Saturday, November 8, 2014

There's No Crying in Yoga.... or is There?

I am starting to realize that everyone has their own coping mechanism when it comes to grief.

Some choose to shut down completely. Some choose to talk about it non-stop. Some keep themselves so busy that they do not have time to think about it. And some throw themselves into hobbies and projects.... The last one is definitely  me. I have always been a very busy person. I like to wake up with a purpose and I set out to accomplish certain tasks each day. I have taken on a million different projects in an effort to cope with Oliver's  death and I have also obsessively  thrown myself into one of my favorite activities... yoga.

Most people don't know that I actually took yoga courses in University. It all started when I needed some extra elective credit and found out that I could use a physical education course. It was during this time that I discovered two things about yoga. I wasn't very flexible and struggled through certain postures... and I absolutely loved it. There was something about walking into a room where every feeling of anxiety, stress and self consciousness are left at the door. It is all about bettering yourself and setting your goals for each practice knowing that each day will be different. It is about raking the time to focus on yourself physically, mentally and emotionally. It was about me.

As the years went on I continued to practice here and there. Our busy schedules, and at times budget constrictions, did  not allow me to go as often as I wanted too. When I got pregnant with Sydney, David encouraged me to go on a regular basis. I managed to practice at least once a week with both kids up into my 38th week of pregnancy and I actually attribute it to my successful  deliveries. 

After Henry was born I started attending hot yoga when I had the time. I found something soothing and healing in the heat of the yoga studio. I left every class feeling as though I had learned something about myself and what I could accomplish. When we lost Oliver I knew that yoga would once again help me find my center.

I started going back a week after his passing. I felt fine physically and knew that it would only help me to start getting into a routine. The first class back was hard. I was tired and my body hurt after being pregnant. I was struggling to find the motivation to go but was always happy once I got there. The studio was  place where I was just me. I wasn't a mother who had lost a child or a woman who needed extra emotional support. I was just me.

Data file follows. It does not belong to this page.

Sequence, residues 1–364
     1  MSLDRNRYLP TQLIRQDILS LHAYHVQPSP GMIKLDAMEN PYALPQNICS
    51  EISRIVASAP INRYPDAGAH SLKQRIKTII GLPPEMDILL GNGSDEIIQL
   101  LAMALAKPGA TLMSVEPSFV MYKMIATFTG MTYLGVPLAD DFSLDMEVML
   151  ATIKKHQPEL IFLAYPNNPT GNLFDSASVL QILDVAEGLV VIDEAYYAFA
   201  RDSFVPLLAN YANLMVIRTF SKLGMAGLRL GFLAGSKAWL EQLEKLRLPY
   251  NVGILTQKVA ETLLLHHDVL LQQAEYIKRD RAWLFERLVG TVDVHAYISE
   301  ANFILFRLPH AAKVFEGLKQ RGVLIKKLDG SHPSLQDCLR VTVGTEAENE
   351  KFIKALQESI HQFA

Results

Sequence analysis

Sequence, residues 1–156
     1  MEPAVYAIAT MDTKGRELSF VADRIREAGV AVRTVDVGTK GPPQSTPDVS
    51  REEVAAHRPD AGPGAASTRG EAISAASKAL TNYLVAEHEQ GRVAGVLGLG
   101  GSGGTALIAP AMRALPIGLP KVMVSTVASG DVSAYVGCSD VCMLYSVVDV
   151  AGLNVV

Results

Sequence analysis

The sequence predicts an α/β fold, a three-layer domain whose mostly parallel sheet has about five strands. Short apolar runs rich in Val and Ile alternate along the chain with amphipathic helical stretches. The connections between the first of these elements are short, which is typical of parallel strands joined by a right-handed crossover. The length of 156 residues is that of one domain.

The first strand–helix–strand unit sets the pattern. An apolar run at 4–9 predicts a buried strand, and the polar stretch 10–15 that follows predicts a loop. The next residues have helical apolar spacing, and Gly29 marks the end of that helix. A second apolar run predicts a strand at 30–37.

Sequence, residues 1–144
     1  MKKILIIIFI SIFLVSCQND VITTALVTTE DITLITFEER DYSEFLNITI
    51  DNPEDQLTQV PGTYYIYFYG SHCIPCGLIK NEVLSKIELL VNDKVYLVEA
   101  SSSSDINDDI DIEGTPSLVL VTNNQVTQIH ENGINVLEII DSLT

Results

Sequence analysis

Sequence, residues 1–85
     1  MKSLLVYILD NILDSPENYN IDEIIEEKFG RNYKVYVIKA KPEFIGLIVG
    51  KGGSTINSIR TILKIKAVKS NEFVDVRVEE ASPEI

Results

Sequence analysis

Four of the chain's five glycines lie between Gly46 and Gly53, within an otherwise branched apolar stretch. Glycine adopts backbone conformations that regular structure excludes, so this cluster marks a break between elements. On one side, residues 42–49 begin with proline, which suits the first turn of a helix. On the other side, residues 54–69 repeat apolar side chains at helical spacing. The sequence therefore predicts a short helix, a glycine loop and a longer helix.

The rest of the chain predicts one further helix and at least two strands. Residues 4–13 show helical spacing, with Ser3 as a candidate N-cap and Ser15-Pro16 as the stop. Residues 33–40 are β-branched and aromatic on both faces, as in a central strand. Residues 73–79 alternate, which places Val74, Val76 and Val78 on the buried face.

A week into daily practice I had a break through. I decided to attend a Thanksgiving afternoon class to try to negate all of the food I knew I would eat that night. The instructor ran the class at a blistering pace and the usual calm quiet of the studio became a room full of grunting, sighing people struggling to hold on. But something happened. I was able to keep up... barely. I was doing it. I was challenging myself and literally  sweating my ass off. As I sat there in downward dog with my sweat dripping into my nose and eyes (delicious, I know) I started to realize how strong I was, what I was capable of. Who cares if I am carrying some extra weight from having three kids, who cares if I am not flexible or I can't do a posture or two. I was strong.

During shavasana the instructor quietly talked about detoxifying. Detoxifying one's physical self and detoxifying one's emotional self. She spoke of letting go of those things that we are holding onto. Allowing ourselves to not carry around those extra burdens. Before I knew it I was crying. In that moment I was thankful that the lights were off and I was already red and sweaty from the class. I knew that I obviously needed to let go so I just let it happen. I thought of losing Oliver and how difficult  it had been. I thought of how amazing it felt to finish that class with strength. I thought of how freeing it felt to let go. It was one of the most honest moments I had had in the grieving process so far.

As I left class I had another girl tell the instructor that she had cried during shavasana as well. I felt relief to know that I wasn't the only one who was obviously effected by the last hour and it was then that I realized that there is always. crying. in. Yoga. 

Mrs. E

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